Since becoming aware of Tanzwut around the turn of the millennium, they’ve represented something of a musical quandary for me: as a fellow bagpiper, I have the deepest respect for their adoption of this much-maligned yet noble historical instrument as the central voice of their Neue Deutsche Härte (NDH) based industrial metal sound. However, as a fellow bagpiper, I have to heap scorn on their decision to adopt such a socially intractable instrument as the central voice… You get the idea.
The reason I bring this up is that bagpipes are the inescapable theme in Tanzwut: where other bands in the NDH collective opt for the greater range of sound, dynamism and expression of synthesizers, bagpipes are front and centre in the compositional process and the final mix – a double-reeded, shrill voice that, while rich in history and tradition, remains a tricky beast that doesn’t play well with other instruments – not even other woodwinds – and doesn’t lend itself to much in the way of tonal variance or musical range. The Great Highland Bagpipe, for example, only recognizes a scale of nine notes, with no official half tones – and said scale is Mixolydian in theory, but more of a jazzy, blue-note variant thereof in practice.
The instruments Tanzwut employ may not have these limitations, being hand-crafted bespoke pieces made by Meister Selbfried, the founding member and musical historian behind Corvus Corax – the more traditionally medieval musical performance group that shares a number of members with Tanzwut – but their sonic signature is entirely built on the fairly one-dimensional nature of these instruments.
Cantus Buranus, a retelling of the original Carmina Burana opera with no relation to Carl Orff’s more famous version.
Given the inherent peculiarities of the bagpipe, it’s quite remarkable that ten albums and twenty years later, Tanzwut are still going strong and Seemannsgarn, their eleventh (find some order options here), follows a similar trend of metal-meets-medieval-meets-gothic that has served them well in the past. It’s also worth noting that they aren’t alone in this rather odd niche genre: bands like In Extremo, Eisbrecher and Saltatio Mortis have all embraced the Rammstein/Rennaisance Fair hybrid model and their continued presence at large European summer festivals – Wacken, Wave Gotik Treffen and Amphi, for example – speaks volumes as to their continuing popularity. A recent revived interest in neo-folk projects like Wardruna, Heilung or Helheim may also be contributing factors in Tanzwut’s longevity.
Building on that history, Seemannsgarn itself is fairly limited, tonally, building chug-heavy riffs around bagpipe folk melodies, but it does still achieve a fair range of expressive styles, from the goth ballad of title track “Seemannsgarn” through to the mosh-pit-readiness of “Galgenvoegel” and “Das Gewissen” or the guitar-led (surprisingly!) “Schwarzes Gold.”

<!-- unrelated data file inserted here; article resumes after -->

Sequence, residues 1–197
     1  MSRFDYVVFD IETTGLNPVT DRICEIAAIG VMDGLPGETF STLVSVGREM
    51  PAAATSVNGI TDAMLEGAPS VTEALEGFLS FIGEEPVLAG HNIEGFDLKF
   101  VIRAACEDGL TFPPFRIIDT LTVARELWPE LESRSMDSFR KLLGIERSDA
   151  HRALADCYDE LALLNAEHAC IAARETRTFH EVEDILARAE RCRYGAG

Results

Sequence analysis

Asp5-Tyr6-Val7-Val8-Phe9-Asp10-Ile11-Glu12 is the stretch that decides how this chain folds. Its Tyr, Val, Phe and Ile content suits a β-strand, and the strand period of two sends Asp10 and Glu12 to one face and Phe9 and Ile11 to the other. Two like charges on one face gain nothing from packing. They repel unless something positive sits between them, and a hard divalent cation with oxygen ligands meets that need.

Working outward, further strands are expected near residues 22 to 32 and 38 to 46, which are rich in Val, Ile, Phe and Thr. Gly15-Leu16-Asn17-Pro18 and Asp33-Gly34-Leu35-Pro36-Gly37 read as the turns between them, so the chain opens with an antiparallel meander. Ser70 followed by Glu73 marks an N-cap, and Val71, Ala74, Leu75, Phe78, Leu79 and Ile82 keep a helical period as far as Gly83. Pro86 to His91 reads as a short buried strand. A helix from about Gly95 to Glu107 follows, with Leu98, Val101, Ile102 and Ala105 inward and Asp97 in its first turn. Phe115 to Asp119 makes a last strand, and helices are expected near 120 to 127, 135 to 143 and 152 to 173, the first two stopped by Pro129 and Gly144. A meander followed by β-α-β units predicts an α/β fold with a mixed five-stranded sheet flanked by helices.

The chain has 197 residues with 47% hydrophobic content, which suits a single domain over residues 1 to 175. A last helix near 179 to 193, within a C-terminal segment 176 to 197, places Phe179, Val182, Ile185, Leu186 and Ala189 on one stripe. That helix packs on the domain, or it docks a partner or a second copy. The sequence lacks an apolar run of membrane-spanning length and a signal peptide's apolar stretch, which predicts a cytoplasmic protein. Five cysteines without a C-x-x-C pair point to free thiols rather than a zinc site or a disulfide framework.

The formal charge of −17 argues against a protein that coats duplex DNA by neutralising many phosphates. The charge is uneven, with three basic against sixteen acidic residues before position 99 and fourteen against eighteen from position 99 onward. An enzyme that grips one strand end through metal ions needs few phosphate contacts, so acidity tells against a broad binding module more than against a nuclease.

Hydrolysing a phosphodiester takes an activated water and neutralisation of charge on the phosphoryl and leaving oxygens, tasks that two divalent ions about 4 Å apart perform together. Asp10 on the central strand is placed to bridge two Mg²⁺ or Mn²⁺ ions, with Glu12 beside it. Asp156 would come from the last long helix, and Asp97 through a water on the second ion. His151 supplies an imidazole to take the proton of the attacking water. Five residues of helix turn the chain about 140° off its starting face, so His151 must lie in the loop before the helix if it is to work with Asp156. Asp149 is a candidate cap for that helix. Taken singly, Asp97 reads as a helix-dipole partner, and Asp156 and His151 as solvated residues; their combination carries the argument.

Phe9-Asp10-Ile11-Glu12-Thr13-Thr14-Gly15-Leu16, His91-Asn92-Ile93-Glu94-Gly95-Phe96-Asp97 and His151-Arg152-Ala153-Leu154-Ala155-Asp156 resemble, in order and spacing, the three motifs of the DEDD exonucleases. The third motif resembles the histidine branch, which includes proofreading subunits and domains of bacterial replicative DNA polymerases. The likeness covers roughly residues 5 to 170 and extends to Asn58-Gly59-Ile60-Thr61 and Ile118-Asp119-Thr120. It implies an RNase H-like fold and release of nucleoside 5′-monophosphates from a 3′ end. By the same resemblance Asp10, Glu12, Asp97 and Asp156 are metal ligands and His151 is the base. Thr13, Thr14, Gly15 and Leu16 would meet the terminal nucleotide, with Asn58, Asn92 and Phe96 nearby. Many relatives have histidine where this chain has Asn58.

Dig into the band’s newest album with the single “Galgenvögel. Stream it here:
Musically, “Reden ist Silber” presents some gorgeous pacing and a huge, bombastic wall of sound that suits the band’s NDH associations while cuts like “Die letzte Schlacht” and “Gib mir noch ein Glas” (either version, the original or the collaboration with Kärbholz) are more power metal than industrial, and perfect anthems for festival performance. “Ich bin der Nachtwind” shines, not only for Teufel’s most expressive vocal performance on the album, but for the delicacy of the acoustic guitar melody that stands in diametric opposition to the frontal assault of the bagpiping.
But it’s the narrative aspect of the album that makes it memorable (if you’re fluent in German, that is); a “Seemannsgarn” is a sailor’s yarn, and this collection of tall tales is engaging, clever and theatrical – exactly what you’d expect from a band with such a marked history of outlandish costumes, stage shows and bizarre instrumentation. That instrumentation comes through in “Francois Villon” – itself a retelling of the Parisian poet’s meeting with the devil – which features additional traditional instruments like the cister, nyckelharpa and bandoneon and, consequently, comes across as a real bardic storytelling experience. It’s here, in this grey area between neo-folk and industrial, that Tanzwut really come into their own: the more “metal minded” offerings are fun, well-arranged pieces, but the authenticity, nostalgia and respect evoked by the more emotional songs on Seemannsgarn are the true winners.
Watch the video for “Unsere Nacht,” from 2014’s Eselmesse album, which encapsulates this.
As an album, the 59-odd minutes of Seemannsgarn can easily become too much of the same – even for someone with a history of and appreciation for bagpiping – but in a longer Neue Deutsche Härte or industrial metal playlist, individual tracks are not only welcome additions, but stand-out moments, notable for the unique register the bagpipes impart.
Seemannsgarn Track Listing:
03. Reden ist Silber
04. Die letzte Schlacht
05. Schwarzes Gold
06. Ich bin der Nachtwind
07. Der Puppenspieler
08. Francois Villon
09. Das Gewissen
10. Schmiede das Eisen
11. Gib mir noch ein Glas
12. Im freien Fall
13. Herrenlos und frei
14. Gib mir noch ein glas (feat. Kärbholz)
Run Time: 58:48
Release Date: June 7, 2019
Record Label: AFM Records